Baptist World Alliance
   The idea for a Baptist World Alliance can be traced to a 1904 article written by Archibald T. Robertson (1863-1934), a professor at the Southern Baptist Theological Seminary in Louisville, Kentucky. Robertson sent the article to a host of global contacts, including British Baptist J. H. Shakespeare, editor of the Baptist Times and Freeman in London. At Shakespeare's invitation, delegates from Baptist churches in 23 countries gathered in London July 11-19, 1905, and created the Baptist World Alliance. The delegates chose the word alliance to avoid any appearance of competition with existing Baptist denominational fellowships (variously known as unions, associations, or conventions).
   The new organization set as its main goal the promotion of fellowship between the world's Baptists. In the previous century, the Baptists had been transformed from a largely English-speaking community in the United Kingdom and North America into a worldwide fellowship with Baptists on every continent and in most countries of the world. The alliance also hoped to speak on issues of mutual concern such as world peace and religious freedom - many Baptist groups were struggling to survive in predominantly Roman Catholic countries. Increasingly after World Wars I and II, the alliance accepted its role as a coordinator for distributing relief funds in response to emergencies.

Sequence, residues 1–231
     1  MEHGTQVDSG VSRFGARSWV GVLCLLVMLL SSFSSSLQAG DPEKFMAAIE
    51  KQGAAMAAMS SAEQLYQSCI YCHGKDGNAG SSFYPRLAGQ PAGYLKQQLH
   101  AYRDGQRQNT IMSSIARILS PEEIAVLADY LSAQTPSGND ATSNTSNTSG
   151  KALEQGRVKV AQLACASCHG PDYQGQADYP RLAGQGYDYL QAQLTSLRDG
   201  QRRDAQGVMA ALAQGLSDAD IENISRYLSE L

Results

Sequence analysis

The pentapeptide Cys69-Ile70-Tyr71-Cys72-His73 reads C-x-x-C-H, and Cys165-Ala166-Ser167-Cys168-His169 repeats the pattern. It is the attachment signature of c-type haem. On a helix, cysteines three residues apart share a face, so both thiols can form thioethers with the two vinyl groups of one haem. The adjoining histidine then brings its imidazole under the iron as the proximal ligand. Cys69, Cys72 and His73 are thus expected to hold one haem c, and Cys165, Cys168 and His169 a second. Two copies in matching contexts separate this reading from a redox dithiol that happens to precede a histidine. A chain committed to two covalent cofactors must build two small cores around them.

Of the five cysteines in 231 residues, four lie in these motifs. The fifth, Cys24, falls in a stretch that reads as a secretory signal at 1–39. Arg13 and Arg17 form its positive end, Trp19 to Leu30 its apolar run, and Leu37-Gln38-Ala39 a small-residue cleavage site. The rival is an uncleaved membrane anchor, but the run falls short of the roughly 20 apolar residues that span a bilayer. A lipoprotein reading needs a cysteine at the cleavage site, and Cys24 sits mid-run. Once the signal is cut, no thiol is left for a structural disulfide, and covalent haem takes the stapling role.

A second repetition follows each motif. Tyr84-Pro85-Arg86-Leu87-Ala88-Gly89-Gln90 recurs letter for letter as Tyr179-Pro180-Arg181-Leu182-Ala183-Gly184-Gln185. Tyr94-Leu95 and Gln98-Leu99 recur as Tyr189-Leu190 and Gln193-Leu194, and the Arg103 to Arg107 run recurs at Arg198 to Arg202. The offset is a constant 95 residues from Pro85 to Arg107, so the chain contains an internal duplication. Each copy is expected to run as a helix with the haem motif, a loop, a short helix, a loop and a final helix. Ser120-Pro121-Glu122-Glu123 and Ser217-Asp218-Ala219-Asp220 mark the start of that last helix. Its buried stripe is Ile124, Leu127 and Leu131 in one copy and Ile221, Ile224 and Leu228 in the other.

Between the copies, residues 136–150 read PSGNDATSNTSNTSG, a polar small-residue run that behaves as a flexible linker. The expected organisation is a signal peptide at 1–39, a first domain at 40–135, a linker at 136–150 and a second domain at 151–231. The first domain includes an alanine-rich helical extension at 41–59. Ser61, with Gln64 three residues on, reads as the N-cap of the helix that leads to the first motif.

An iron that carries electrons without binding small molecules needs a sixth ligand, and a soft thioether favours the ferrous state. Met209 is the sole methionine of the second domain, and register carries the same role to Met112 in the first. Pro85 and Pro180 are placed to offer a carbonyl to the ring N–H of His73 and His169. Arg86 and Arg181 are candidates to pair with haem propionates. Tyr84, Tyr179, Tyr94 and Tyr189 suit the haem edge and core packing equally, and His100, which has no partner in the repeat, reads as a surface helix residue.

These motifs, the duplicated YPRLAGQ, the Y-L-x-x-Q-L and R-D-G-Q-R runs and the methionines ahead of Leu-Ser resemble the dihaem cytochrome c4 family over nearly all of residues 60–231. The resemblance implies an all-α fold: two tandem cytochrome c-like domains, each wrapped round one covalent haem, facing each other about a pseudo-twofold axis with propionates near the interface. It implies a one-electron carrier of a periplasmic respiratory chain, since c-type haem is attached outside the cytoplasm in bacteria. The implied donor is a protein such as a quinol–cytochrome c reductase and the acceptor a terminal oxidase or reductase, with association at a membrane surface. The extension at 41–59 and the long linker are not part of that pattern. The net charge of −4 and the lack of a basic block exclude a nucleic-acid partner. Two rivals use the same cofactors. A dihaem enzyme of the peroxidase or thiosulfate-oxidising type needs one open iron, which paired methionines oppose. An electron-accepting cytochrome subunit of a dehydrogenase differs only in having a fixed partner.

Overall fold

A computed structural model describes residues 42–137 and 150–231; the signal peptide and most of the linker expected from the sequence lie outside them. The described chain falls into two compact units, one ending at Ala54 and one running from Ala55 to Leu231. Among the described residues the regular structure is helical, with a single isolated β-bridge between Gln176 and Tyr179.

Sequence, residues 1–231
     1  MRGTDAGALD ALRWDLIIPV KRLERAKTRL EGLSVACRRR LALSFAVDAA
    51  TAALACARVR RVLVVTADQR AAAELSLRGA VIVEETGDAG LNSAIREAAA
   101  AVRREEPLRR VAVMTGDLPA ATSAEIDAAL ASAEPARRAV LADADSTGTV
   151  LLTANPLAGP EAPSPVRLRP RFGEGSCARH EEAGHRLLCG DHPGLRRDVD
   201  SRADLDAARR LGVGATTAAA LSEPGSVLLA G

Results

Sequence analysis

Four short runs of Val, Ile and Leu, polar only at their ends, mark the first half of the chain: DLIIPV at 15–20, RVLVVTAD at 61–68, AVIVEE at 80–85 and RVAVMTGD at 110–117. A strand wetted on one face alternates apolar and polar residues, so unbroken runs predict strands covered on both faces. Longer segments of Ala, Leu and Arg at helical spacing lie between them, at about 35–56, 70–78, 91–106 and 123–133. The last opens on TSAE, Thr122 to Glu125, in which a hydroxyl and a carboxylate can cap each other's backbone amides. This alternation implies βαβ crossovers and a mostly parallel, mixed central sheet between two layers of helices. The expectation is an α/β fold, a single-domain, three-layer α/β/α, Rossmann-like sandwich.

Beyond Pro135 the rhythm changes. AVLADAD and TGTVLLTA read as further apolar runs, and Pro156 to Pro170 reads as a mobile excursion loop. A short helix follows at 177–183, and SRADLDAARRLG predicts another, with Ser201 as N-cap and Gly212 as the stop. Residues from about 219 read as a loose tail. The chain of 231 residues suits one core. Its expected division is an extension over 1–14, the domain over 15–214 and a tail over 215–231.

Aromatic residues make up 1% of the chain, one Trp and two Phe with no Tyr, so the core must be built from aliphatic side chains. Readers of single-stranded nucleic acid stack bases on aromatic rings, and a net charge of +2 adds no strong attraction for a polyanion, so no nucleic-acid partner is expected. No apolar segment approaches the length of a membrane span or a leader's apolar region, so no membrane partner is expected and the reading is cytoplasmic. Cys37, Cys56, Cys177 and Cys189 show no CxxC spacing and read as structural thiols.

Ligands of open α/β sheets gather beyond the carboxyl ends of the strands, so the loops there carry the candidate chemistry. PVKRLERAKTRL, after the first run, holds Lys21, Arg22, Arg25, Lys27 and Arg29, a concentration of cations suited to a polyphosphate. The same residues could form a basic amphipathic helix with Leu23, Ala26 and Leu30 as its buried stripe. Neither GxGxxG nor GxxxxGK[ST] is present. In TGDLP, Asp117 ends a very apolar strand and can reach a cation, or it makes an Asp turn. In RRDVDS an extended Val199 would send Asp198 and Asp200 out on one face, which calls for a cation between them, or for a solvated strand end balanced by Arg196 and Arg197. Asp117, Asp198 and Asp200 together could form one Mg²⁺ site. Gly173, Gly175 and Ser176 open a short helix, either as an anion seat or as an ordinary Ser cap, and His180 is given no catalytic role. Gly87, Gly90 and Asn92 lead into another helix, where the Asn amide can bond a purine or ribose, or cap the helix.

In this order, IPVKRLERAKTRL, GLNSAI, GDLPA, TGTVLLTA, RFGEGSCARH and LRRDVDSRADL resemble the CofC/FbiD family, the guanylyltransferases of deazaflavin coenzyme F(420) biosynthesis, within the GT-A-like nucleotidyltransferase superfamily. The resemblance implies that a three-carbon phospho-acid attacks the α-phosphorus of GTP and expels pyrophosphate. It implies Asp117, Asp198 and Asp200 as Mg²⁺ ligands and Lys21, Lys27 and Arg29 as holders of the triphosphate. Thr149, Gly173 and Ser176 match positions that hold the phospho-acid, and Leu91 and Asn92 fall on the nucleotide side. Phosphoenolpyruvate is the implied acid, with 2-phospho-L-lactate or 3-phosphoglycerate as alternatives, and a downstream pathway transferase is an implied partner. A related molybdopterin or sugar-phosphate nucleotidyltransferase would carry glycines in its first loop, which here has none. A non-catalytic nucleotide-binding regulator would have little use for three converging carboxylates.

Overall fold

Shakespeare became the first general secretary, a post he held for 20 years. Headquarters remained in London until 1941, when the German bombing forced a transfer to the United States, its current home. After the war, a European headquarters, now located in BULGARIA, was established. Other regional offices have been opened in Argentina, Ghana, India, and the Bahamas.
   The alliance has identified with the World Council of Churches (WCC) but avoided formal affiliation in order to maintain support from many conservative Baptist bodies who consider the council anathema. The Southern Baptist Convention, a prominent founding member of the alliance, is notably absent from the National Council of Churches and the WCC.
   In 2003, the alliance reported 206 Baptist unions and conventions in membership, representing some 47 million baptized believers.
   See also Baptists.
   Further reading:
   ■ Baptist World Alliance. Available online. URL: http://www.bwanet.org
   ■ H. Leon McBeth, The Baptist Heritage: Four Centuries of the Baptist Witness (Nashville, Tenn.: Broadman Press, 1987).

Encyclopedia of Protestantism. . 2005.

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